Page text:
Roy Halladay touched the lives of countless Canadian youth.
Rest In Peace, Doc. Your legacy will live on forever. ? pic.twitter.com/hYImlQJeh0
— Jays Care Foundation (@JaysCare) November 7, 2017
A giant in the community.
Roy started Doc’s Box – now our Community Clubhouse – helping thousands of kids see a game every year. pic.twitter.com/zWrRD89cWX
— Jays Care Foundation (@JaysCare) November 7, 2017
Halladay wails on a guitar
Well, not wails. But close.
Halladay stands up for his teammates
After watching his teammates get abused and bullied by Boston pitchers, Halladay decides to take liberties of his own. It is best seen here.
This was a summer in which media and fans hyped every second-half start as being Halladay’s final start at the Rogers Centre. The game played on September 25, 2009 ended up being the one. This was a classic Halladay start in every sense. Complete game shut out. Total domination. Slightly over two hrs (2:11). No walks. A performance to give the fans something to cheer for. Thank you, Roy.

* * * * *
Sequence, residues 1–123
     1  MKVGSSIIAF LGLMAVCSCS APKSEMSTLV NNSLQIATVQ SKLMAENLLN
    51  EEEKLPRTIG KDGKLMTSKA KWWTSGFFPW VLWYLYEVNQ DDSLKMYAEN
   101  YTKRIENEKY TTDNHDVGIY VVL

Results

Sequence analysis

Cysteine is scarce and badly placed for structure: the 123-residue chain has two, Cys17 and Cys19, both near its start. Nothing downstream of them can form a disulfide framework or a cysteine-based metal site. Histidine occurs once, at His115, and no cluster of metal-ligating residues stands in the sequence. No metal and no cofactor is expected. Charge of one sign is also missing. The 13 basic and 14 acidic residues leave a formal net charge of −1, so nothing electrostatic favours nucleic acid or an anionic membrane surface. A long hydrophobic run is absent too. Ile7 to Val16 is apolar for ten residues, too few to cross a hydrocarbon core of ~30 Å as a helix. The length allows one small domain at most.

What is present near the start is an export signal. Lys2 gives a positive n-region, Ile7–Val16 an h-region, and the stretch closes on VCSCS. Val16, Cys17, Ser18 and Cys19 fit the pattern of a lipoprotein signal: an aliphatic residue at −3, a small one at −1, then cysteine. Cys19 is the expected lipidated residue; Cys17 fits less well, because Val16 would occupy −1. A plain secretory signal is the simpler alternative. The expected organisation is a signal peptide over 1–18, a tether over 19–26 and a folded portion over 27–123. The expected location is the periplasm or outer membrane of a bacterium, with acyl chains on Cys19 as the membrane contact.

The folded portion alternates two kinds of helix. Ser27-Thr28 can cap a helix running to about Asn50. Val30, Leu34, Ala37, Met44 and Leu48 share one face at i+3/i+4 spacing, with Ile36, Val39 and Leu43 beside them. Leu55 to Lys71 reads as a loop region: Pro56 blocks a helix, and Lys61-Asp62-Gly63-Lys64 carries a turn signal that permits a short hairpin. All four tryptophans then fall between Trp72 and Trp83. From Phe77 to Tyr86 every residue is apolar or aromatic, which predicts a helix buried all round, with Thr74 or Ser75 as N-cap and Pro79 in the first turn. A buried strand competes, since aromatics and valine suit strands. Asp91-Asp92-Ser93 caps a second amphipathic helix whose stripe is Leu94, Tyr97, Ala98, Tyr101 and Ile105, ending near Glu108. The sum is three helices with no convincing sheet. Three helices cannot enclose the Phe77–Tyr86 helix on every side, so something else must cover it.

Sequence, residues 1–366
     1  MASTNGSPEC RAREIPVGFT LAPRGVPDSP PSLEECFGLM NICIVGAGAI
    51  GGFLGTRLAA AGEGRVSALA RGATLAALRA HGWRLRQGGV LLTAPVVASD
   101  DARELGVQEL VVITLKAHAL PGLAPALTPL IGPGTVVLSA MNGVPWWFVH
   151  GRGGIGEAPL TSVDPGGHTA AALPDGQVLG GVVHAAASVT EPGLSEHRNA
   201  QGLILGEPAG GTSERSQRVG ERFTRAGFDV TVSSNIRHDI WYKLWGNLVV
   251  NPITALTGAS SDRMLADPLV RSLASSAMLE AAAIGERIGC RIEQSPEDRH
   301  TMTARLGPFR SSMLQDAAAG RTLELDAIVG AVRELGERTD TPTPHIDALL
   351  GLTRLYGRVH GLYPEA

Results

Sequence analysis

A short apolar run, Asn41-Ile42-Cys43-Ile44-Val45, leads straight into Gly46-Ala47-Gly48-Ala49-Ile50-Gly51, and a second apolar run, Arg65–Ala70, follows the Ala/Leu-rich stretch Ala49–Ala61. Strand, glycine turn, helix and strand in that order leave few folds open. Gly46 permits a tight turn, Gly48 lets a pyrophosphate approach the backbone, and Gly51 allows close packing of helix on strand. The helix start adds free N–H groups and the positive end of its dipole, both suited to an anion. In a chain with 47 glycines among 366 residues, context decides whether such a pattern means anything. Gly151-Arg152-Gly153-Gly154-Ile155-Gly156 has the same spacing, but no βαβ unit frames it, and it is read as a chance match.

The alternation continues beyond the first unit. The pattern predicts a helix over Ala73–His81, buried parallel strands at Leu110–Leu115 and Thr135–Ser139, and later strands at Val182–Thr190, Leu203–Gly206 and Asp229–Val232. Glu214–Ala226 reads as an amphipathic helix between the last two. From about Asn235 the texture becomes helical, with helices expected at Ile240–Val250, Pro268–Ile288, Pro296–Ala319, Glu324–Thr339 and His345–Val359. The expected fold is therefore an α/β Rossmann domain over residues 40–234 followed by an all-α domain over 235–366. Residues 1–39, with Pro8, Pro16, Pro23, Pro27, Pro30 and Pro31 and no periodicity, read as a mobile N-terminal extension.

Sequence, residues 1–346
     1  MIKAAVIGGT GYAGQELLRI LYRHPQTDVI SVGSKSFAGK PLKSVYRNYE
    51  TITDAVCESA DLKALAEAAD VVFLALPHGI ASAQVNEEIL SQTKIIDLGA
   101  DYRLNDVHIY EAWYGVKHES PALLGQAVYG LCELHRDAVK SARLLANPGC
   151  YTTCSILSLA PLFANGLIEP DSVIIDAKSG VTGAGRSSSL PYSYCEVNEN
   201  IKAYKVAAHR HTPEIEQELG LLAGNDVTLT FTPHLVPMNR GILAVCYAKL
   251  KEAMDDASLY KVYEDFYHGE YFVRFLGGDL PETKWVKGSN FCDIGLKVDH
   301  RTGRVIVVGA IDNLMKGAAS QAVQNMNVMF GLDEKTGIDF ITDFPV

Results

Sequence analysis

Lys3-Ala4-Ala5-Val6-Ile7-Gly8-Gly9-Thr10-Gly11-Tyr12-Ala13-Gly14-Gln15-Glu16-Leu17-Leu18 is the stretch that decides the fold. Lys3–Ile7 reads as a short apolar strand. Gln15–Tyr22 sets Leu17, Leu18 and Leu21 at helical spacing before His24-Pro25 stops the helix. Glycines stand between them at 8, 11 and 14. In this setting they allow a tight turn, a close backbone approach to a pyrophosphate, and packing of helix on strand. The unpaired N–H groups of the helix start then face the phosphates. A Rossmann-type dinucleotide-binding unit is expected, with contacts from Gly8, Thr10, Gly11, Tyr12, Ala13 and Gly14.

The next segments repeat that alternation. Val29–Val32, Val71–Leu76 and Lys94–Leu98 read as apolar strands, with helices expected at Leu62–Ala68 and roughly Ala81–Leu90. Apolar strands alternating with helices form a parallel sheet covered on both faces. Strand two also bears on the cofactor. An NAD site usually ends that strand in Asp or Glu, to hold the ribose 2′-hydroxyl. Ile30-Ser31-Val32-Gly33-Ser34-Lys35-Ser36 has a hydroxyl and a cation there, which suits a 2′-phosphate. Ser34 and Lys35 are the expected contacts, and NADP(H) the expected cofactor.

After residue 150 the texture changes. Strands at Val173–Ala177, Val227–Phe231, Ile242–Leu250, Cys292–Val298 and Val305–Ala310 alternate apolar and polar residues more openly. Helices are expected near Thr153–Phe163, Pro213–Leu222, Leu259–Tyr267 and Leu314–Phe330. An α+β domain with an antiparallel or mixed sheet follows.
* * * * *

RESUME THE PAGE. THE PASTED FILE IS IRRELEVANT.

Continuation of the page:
In 2000, Roy Halladay posted the highest ERA from any pitcher with more than 50 innings in baseball history. He was then sent to the lowest level of the Blue Jays’ minor league system to start from scratch. He was broken down and built up again. He re-constructed his entire delivery with the aid of Blue Jays lifer Mel Queen.
In 2001 Halladay pitched five times for Tennessee and twice for Triple A Syracuse with dominating results before the Blue Jays brought him back to the big leagues. He went 5-3 with a 3.16 ERA. He was a completely different pitcher, with superlative sink, late movement and command.
And the rest, as they say, is history.
We’ve watched Roy Halladay grow in front of our eyes from a boy into a man. He has been a part of our lives for 12 years.
This breakup doesn’t have to be permanent. With the news that Halladay has signed a 3-year contract with the Phillies, the window is left wide open for a return to the Jays when Alex Anthopoulos’s plan has come to fruition. How likely is this scenario? Only time to tell. In the words of Halladay: “Finishing strong, that’s what’s important to me.”